Paint scratches come in various appearances. There are the normal scratches and scratch formations. Some scratch formations look like scattered cobwebs, while others look like ugly swirls. These scratches are much harder to remove than normal scratches since a scratch formation signals that the deeper layers of paint are cracked. It's a good thing there are items on the market that are formulated to remove scratch formations such as scratch removers and specialized car waxes.

Solutions for Scratches

Paint scratches are tricky to remove, especially the deep ones. Faint scratches are usually taken care of by scrubbing the various scratch-removing solutions available on the market, while deeper ones require several procedures. Be sure to remove scratches early because if scratches become too deep, your only course of action is a new paint job, which is pricey and time consuming. Here are some ready solutions to remove scratches:

* Wash and Wipe
– When you take a bath, you can scrub off dirt trails and dirt deposits from your body. The same logic can be applied to removing scratches from your car or any other painted object. You can shower your scratched item with water and apply soap on the scratched portions. Once done, scrub the soapy areas with a chamois. Rinse the scratched item and wipe it with a microfiber towel. When the item is completely dry, you will notice that the item is missing a good number of faint scratches.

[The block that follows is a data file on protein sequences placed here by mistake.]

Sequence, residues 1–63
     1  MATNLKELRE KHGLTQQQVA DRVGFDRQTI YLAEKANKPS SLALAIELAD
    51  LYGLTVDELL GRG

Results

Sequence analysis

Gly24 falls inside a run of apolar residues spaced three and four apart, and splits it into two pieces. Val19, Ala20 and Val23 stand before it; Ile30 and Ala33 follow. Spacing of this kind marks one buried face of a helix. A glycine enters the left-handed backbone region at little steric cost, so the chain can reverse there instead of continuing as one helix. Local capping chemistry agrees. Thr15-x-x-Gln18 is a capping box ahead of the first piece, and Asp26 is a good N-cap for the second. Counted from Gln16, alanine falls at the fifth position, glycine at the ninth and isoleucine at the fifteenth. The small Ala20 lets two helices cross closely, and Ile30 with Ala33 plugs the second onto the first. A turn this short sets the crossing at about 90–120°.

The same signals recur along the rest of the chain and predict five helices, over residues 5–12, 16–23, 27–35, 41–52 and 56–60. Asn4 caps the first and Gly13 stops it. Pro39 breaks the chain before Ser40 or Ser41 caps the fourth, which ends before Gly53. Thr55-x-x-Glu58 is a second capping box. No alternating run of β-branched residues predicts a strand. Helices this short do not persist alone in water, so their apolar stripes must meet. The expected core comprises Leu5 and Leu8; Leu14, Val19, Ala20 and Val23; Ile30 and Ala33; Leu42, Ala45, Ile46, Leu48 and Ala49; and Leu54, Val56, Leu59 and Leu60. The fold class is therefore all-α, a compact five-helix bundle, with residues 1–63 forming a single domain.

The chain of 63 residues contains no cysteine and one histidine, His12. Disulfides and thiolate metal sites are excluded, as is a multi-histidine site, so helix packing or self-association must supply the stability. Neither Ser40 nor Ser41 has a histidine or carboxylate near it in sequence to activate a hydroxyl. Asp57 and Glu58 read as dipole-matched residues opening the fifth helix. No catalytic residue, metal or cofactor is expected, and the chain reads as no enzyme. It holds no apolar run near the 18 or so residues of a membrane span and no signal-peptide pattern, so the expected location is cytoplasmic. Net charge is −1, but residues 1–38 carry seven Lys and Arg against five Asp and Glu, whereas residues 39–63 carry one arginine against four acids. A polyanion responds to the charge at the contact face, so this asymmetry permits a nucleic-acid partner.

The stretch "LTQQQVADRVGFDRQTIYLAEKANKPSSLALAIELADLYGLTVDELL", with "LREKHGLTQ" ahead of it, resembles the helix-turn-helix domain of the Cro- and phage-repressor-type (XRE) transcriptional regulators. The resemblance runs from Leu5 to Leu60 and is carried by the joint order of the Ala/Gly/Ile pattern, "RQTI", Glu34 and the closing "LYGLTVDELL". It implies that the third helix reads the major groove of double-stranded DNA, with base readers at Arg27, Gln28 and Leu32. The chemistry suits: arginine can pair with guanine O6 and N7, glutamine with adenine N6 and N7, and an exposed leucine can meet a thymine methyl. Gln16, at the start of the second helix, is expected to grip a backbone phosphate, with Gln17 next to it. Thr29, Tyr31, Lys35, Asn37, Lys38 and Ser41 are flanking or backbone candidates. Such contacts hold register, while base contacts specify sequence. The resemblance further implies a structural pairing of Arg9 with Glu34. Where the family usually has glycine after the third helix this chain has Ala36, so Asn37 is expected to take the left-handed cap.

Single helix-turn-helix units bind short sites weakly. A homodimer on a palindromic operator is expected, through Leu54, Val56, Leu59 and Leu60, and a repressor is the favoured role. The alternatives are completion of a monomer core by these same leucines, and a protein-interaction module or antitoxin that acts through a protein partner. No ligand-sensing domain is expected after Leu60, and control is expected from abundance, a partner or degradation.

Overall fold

* Makeshift Concealers – If you find the washing and scrubbing of large scratched objects too taxing, you can instead conceal scratches with a handful of items that can act as cheap paint substitutes. A good scratch concealer is nail polish. Nail polish provides a tough coat and its built-in adhesive sticks to any surface, just like paint. As long as you have nail polish that bears the same color as the paint, you can use the cosmetic product to conceal minor scratches. Other good makeshift concealers are oil paint, acrylic paint, and spray paint.
* car wax Car Wax – Some car wax models are specially formulated to remove scratches. Not only do these car-polishing solutions give your car a fine sheen, they can also eliminate scratches from other metal items such as refrigerator doors or metal ornaments. Apply a generous amount of scratch-removing car wax on a scratched surface then scrub it with a chamois to remove most minor scratches. To maximize the effects of car wax, you can use it after washing the scratched item with soap and water.
* Scratch Remover – Scratch-removing solutions work just like a specialized car wax, only their formulations are much tougher on scratches. In general, scratch removers are gentle to most surfaces. They won't cause discoloration even if their active ingredients are abrasive to severe scratches. The application of scratch removers is also similar to car wax's, where the best results can be generated after washing the scratched item with soap and water.